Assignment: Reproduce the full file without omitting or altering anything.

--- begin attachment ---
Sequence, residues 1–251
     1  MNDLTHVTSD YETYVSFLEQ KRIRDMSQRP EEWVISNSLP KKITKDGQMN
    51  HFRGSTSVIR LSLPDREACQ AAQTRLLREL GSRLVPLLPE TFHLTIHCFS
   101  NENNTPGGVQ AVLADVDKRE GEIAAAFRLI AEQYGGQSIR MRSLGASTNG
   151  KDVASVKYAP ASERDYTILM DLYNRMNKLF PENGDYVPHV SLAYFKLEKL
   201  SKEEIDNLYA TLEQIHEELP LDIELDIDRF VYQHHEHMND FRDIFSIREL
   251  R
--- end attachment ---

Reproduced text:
Sequence, residues 1–251
     1  MNDLTHVTSD YETYVSFLEQ KRIRDMSQRP EEWVISNSLP KKITKDGQMN
    51  HFRGSTSVIR LSLPDREACQ AAQTRLLREL GSRLVPLLPE TFHLTIHCFS
   101  NENNTPGGVQ AVLADVDKRE GEIAAAFRLI AEQYGGQSIR MRSLGASTNG
   151  KDVASVKYAP ASERDYTILM DLYNRMNKLF PENGDYVPHV SLAYFKLEKL
   201  SKEEIDNLYA TLEQIHEELP LDIELDIDRF VYQHHEHMND FRDIFSIREL
   251  R